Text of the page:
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Honor elections begin Friday, students to choose 27 Committee members

Among large candidate pool, apparent themes between platforms

<p>Outgoing Chair Nicholas Hine said many of the candidates are already involved in Honor.</p>

Outgoing Chair Nicholas Hine said many of the candidates are already involved in Honor.

The 2015 University-wide student elections will take place Feb. 20 through Feb. 26. Among other positions, students will be able to vote for the 27 Honor Committee representatives for each of the different schools at the University.

While the candidates have largely similar experience working with the honor system — most are currently senior support officers — and have similar overarching goals to improve the system, their individual platforms highlight how each will approach Committee differently if elected.

Notably, all 10 candidates running to represent the College of Arts and Sciences — there are five seats — focus on bringing the honor system more in line with public opinion. No candidate claimed the system should be impervious to criticism, though each maintained its overall moral value. All College candidates are third-year students except VJ Jenkins, who is a second year.

Importantly, candidates highlighted different priorities within their platforms. Jaeyoon Park and Ian Robertson said in their joint platform they are open to exploring the multi-sanction system, while Emily Snow and Caroline Herre, campaigning separately, maintain the importance of a single-sanction system.

Grace Muth and Russell Bogue — who developed their platform together — said they both seek to reduce the legal language incorporated into Honor trials so the system seems more accessible to students and remains consistent with its overall purpose. Michael Treves also expressed a desire to highlight the honor system less as a punitive body and more as an organ which pursues the truth. Candidates Jenkins, Allison Ivener and Martese Johnson, meanwhile, stress the importance of integrating Honor with the University community as a whole.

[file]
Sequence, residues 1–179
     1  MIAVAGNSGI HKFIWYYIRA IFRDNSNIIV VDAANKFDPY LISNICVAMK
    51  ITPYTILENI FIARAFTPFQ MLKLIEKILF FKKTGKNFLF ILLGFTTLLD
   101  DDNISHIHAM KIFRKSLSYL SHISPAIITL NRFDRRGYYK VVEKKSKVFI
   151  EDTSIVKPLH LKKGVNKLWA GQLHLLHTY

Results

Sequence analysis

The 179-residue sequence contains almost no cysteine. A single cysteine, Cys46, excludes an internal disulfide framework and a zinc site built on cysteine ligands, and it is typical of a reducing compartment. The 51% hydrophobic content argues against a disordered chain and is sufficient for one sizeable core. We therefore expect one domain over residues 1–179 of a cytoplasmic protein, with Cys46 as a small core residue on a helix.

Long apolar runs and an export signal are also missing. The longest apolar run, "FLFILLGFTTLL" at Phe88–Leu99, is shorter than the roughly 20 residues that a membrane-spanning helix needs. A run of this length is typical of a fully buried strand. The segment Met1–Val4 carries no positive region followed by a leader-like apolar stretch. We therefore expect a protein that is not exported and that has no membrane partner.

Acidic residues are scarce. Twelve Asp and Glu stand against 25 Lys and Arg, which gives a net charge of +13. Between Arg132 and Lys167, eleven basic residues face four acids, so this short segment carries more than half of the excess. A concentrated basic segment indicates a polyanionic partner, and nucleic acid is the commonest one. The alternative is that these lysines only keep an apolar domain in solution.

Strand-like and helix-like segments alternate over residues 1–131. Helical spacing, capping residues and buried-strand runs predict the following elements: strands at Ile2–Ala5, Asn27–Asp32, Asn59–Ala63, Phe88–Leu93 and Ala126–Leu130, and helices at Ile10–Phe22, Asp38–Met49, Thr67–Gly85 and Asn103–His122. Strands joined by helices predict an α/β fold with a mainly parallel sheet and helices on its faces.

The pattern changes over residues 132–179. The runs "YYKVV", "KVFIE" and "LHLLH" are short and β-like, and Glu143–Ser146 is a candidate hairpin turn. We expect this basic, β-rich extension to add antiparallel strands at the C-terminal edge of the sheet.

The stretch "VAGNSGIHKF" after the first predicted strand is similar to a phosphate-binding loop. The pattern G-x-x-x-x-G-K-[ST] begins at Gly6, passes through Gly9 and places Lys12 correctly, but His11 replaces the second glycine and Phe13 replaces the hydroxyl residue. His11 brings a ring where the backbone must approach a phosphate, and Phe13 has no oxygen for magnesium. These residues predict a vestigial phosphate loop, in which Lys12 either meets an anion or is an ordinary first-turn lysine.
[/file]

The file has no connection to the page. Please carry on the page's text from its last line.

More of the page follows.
Christian Gigante, Michael White, Avery Rasmussen and Faith Lyons — all third-year students — are running for the two Commerce eepresentative positions. All played upon concerns similar to the College representatives, but recognized the nuances of implementing Honor within the Commerce School. Each candidate says in his or her platform, he or she would seek to connect the honor system more closely with the student body if elected.

Engineering and Batten have exactly two candidates running for each of their two spots for Honor Representatives, with fourth-years Matthew Comey and Victoria Tran running for Batten representative. Sarah Rogers and Katherine Karmis are running for Engineering representative.

The Law School, the Education School, the Medical School and the School of Continuing and Professional Studies each have one candidate running. Austin Sim, Jessica Drews, Monica Melmer and Landon Wilkins are running for positions in each of these schools, respectively.

Fourth-year College student Calvin McPhail-Snyder, who previously ran for College Honor representative but was not elected, said he noticed many similarities among the current candidates, and expressed skepticism about the diversity of opinion and experience.

“They all seem kind of homogenous,” McPhail-Snyder said. “I think there’s a checklist of things you’re supposed to say in Honor candidate elections,” he said. “[It can be] very generic and not informative of anything.”

Current Honor Committee Chair Nicholas Hine, a fourth-year College student, said there are some key distinctions among the candidates, but some perceived similarities arise because of the flagrant nature of key issues.

“I think in some ways many of the candidates are running on similar platforms and that’s because in part in the College of Arts and Sciences, the people who run for this position are people who are involved in Honor,” Hine said. “This is obviously not true across the board.”

Hine said the Honor Committee is actually a much more diverse group than many people believe.

“Part of the reason why Honor has this perception of being homogenous is because for many years it was,” Hine said. “In recent years we have done much better job of [being more inclusive]. You institutionalize the value of diversity.”


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